When looking to treat hormone deficiencies, the goal should be to get them back to youthful levels. For example, we know that the female hormones estrogen, progesterone, and DHEA all decline with age, as does the male hormone, testosterone. All hormone production requires cholesterol, and when we look at the production of estrogen, we see that there are three main types, the levels of which change with age and can influence health and disease. Post-menopausal women have more type 1 estrogen, and this increases the risk for breast cancer. Progesterone helps balance estrogen and helps improve mood and anxiety levels.
This primarily male hormone has many functions in addition to the development of sexual characteristics. It has a major benefit on the cardiovascular system and also has positive effects on the brain and nervous system.
This hormone helps maintain the metabolic rate and also influences cholesterol levels, strengthens the heart, decreases blood pressure, and improves the function of the arteries. A thyroid imbalance can lead to excessive weight loss or gain.
Cortisol is the hormone most closely associated with acute stress. When chronically elevated, cortisol becomes very harmful, resulting in muscle wasting, a decline in cognitive function, an increased risk of osteoporosis, decreased immune function, and elevated glucose levels. If these levels remain elevated, adrenal fatigue can occur. (Looking for ways to reduce stress? Give these 5 Yoga Poses That Fight Stress a try.)
Melatonin is a tremendously interesting hormone, as it’s produced by almost every living species on the planet. It’s best known for helping regulate sleep, but it also has neuroprotective properties and a multitude of beneficial effects on blood pressure. It acts an antioxidant and an anti-inflammatory agent, and supports the immune system by increasing the effectiveness of other antioxidants.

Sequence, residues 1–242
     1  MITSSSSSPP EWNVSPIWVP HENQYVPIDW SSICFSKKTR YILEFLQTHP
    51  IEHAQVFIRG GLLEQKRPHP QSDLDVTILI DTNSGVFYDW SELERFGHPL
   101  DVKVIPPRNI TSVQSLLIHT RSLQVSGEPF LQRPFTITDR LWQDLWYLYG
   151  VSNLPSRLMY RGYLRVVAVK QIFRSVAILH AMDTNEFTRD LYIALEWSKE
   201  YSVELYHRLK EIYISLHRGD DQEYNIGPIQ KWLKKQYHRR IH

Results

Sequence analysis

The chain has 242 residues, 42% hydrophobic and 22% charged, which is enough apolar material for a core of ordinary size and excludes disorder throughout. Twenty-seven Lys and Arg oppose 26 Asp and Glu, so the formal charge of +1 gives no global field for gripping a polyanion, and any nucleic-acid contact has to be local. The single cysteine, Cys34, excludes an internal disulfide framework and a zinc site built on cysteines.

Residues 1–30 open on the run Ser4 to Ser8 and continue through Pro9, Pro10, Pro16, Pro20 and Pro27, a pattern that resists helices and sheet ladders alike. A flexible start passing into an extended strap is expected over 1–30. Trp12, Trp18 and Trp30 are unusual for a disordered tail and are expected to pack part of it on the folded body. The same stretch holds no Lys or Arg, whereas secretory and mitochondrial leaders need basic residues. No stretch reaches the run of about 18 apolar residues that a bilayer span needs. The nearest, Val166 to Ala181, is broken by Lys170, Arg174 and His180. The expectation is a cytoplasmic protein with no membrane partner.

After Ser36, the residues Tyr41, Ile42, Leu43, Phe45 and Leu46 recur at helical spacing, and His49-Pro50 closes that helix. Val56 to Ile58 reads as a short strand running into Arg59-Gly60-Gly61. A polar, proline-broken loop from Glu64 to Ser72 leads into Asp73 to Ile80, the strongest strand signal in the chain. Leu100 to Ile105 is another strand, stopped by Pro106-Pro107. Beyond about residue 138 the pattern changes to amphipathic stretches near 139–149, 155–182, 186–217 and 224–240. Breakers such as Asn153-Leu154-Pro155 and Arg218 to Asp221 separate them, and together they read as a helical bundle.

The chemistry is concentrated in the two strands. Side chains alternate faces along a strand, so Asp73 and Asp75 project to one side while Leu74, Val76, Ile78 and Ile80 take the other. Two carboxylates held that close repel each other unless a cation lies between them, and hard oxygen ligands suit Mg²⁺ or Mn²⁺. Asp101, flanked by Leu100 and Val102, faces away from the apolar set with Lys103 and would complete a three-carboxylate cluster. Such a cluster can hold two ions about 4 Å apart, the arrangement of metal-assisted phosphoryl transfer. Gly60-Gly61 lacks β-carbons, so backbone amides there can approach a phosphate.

Now, you’re probably wondering why I’ve gone into such great detail about the chemistry of vitamins, minerals, and hormones, so I’ll circle back to balance in your body and overall health: optimal levels of [Tweet “vitamins, minerals, and hormones are necessary to maximize your exercise potential.”] You cannot achieve success as an athlete without healthy levels of all these components.
In addition to supplying the body with healthy macronutrients (proteins, fats, and carbohydrates), you also need to supply the body with essential vitamins, minerals, and hormones that utilize these macronutrients. Fats are necessary to produce hormones, but this cannot be done unless the body has optimal levels of vitamins and minerals. Carbohydrates are used as fuel for all cells, especially the brain. The hormone insulin is required for this process; without adequate levels of cholesterol and other micronutrients, the body is unable to perform these functions. (It’s not only important to know what to take but also, Which Vitamin Supplements Are Really Worth Your Money?)
It all comes down to your nutrition and daily intake, which is the key to maintaining balance within your body. Balanced nutrition provides you with all the essentials needed to make energy and motion possible. To achieve optimal health and excellent function, you should ask yourself: What can I do today to achieve better health than the day before? By putting healthy food in your body and getting adequate exercise daily, you build a strong foundation for a quality life and advanced longevity. As the “Blue Zones” project has shown, individuals can live to be 100 years old while still maintaining a quality life with a sharp mind and functional body.
Finally, remember this helpful equation: “5–9 + 30.” This means eating 5–9 servings of (primarily) vegetables with a few fruits daily, plus (at least) 30 minutes of moderately intense exercise each day. Eat real food, minimize processed foods and unhealthy animal products, get 7–8 hours of quality sleep, do your best to minimize the stress in your life, practice gratitude and compassion, and make health your number-one priority every day.
Stay well, my friends!